However, because Ex parte Young does not apply to supplemental state law claims, see Pennhurst, 465 U.S. at 120-22, the court will grant the Governor's motion to dismiss based on sovereign immunity with regard to plaintiffs' second claim against him under article IV, section 19 of the California Constitution. See 28 U.S.C. § 1367(c); Ulaleo v. Paty, 902 F.2d 1395, 1400 (9th Cir. 1990) (explaining that it "would offend federalism" and not further the justification for the Ex parte Young exception for a federal court to decide a claim that a state violated its own constitution).

B. Motion to Dismiss for Failure to State a Claim

On a motion to dismiss, the court must accept the allegations in the complaint as true and draw all reasonable inferences in favor of the plaintiff. Scheuer v. Rhodes, 416 U.S. 232, 236 (1974), overruled on other grounds by Davis v. Scherer, 468 U.S. 183 (1984); Cruz v. Beto, 405 U.S. 319, 322 (1972). To survive a motion to dismiss, "a complaint must contain sufficient factual matter, accepted as true, to 'state a claim to relief that is plausible on its face.'" Ashcroft v. Iqbal, --- U.S. ----, 129 S.Ct. 1937, 1949 (2009) (quoting Bell Atlantic Corp v. Twombly, 550 U.S. 544, 570 (2007)).

As the Supreme Court has noted, "the fact that a federal statute has been violated and some person harmed does not automatically give rise to a private cause of action in favor of that person." Touche Ross & Co. v. Redington, 442 U.S. 560, 568, (1979) (citation omitted). The statute "must either explicitly create a right of action or implicitly contain one." In re Digimarc Corp. Derivative Litigation, 549 F.3d 1223 (9th Cir. 2008). IGRA does not explicitly authorize private individuals to sue under the statute for failure of a state, tribe, or the National Indian Gaming Commission to comply with its provisions. However, IGRA does expressly provide for various causes of action that can be brought by tribes, states, and the federal government for violations of particular provisions of IGRA. Hein v. Captain Grande Band of Diegueno Mission Indians, 201 F.3d 1256, 1260 (9th Cir. 2000); see, e.g., 25 U.S.C. § 2710(d)(7)(A)(ii), (iii) (State and Secretary of the Interior may bring suit); id. § 2711(d) (tribes may bring suit to compel action by Chairman after a time lapse); id. § 2714 (certain decisions made by the Commission are final agency decisions appealable under the APA).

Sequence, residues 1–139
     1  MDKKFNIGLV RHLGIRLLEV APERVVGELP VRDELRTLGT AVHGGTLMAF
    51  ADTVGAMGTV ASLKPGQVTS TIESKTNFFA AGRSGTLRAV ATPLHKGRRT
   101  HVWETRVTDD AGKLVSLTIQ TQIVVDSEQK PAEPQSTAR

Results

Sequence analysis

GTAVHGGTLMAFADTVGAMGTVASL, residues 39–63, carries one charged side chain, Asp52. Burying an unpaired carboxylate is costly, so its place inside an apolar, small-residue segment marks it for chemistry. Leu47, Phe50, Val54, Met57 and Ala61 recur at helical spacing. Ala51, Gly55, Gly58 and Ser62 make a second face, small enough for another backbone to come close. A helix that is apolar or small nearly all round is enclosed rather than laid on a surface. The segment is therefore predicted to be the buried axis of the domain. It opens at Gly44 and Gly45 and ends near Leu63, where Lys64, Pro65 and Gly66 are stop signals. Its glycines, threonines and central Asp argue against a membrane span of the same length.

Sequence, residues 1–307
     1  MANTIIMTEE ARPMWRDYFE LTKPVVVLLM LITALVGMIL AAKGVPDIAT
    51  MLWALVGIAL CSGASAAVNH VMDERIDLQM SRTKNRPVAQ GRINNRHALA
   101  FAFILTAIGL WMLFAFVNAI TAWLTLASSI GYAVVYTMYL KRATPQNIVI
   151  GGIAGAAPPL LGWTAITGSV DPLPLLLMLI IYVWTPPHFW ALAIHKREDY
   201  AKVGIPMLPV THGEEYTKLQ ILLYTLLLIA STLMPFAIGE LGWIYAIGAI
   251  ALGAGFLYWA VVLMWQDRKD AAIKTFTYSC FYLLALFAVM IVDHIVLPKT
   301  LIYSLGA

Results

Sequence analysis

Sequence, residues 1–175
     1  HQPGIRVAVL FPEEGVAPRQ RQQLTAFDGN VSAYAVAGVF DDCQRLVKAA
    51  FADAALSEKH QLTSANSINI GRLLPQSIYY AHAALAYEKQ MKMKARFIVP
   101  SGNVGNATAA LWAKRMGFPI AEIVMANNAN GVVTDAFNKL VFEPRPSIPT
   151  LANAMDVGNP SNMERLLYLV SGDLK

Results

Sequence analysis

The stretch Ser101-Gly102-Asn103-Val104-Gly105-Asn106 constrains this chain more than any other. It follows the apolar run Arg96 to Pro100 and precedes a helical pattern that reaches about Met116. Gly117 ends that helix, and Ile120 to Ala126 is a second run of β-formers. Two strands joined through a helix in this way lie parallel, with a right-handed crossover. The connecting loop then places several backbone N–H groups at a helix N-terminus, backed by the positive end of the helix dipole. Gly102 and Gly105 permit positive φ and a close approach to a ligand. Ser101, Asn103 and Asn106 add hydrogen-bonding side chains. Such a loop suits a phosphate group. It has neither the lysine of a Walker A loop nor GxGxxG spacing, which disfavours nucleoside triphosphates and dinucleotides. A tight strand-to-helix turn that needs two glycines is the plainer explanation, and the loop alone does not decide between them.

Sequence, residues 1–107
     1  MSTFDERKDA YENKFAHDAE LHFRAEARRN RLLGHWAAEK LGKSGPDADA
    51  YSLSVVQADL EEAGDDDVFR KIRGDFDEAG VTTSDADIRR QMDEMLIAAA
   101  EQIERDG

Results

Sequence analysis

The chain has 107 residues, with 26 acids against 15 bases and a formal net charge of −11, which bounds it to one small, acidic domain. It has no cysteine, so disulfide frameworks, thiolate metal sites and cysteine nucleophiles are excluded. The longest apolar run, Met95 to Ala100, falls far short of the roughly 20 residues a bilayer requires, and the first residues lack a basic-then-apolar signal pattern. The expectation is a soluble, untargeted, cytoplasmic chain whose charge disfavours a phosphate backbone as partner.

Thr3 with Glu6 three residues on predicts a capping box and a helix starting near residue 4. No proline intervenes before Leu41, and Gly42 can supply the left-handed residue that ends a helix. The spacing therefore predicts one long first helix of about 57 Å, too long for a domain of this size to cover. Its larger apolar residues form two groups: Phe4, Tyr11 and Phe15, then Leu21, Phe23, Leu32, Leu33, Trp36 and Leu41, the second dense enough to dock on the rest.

To determine whether a private right of action is implied in a statute, a court must consider:

(1) whether the plaintiff is "one of the class for whose especial benefit the statute was enacted--that is, [whether] the statute create[s] a federal right in favor of the plaintiff"; (2) whether "there [is] any indication of legislative intent, explicit or implicit, either to create such a remedy or to deny one"; (3) whether the cause of action is "consistent with the underlying purposes of the legislative scheme"; and (4) whether "the cause of action [is] one traditionally relegated to state law, in an area basically the concern of the States, so that it would be inappropriate to infer a cause of action based solely on federal law."

In re Digimarc, 549 F.3d at 1231 (quoting Cort v. Ash, 422 U.S. 66, 78 (1975)). The second factor, legislative intent, is "the key inquiry in this calculus," since the other factors provide indicia of intent. Id. (quoting Opera Plaza Residential Parcel Homeowners Ass'n v. Hoang, 376 F.3d 831, 835 (9th Cir. 2004)).

The Supreme Court has held that "when legislation expressly provides a particular remedy or remedies, courts should not expand the coverage of the statute to subsume other remedies." Nat'l R.R. Passenger Corp. v. Nat'l Assoc. of R.R. Passengers, 414 U.S. 453, 458 (1974). The Ninth Circuit has noted that "where IGRA creates a private cause of action, it does so explicitly," and thus "plaintiffs [cannot] sue for every violation of IGRA by direct action under the statute." Hein, 201 F.3d at 1260.

Had Congress intended for individuals to have a private cause of action to enforce the class III gaming requirements of IGRA, it would have provided for it explicitly, as it did for enforcement of other sections of the Act by tribes, states, and the federal government. See Tamiami Partners, Ltd. v. Miccosukee Tribe of Indians of Fla., 63 F.3d 1030, 1049 (11th Cir. 1995) ("Obviously, then, when Congress wished to provide a private . . . remedy, it knew how to do so and did so expressly.") (quoting Redington, 442 U.S. at 572); see also Hartman v. Kickapoo Tribe Gaming Comm'n, 319 F.3d 1230, 1232 (10th Cir. 2003) (holding that an individual's claims against a tribe for violations of IGRA had to be dismissed because "IGRA provides no private right of action against the Tribe, the State, the federal government or any official or agency thereof.").*fn4 Accordingly, plaintiffs' claims against the Governor will be dismissed.*fn5

IT IS THEREFORE ORDERED that the State of California and Governor Arnold Schwarzenegger's motion to dismiss plaintiffs' claims against the State Defendants be, and the same hereby is, GRANTED.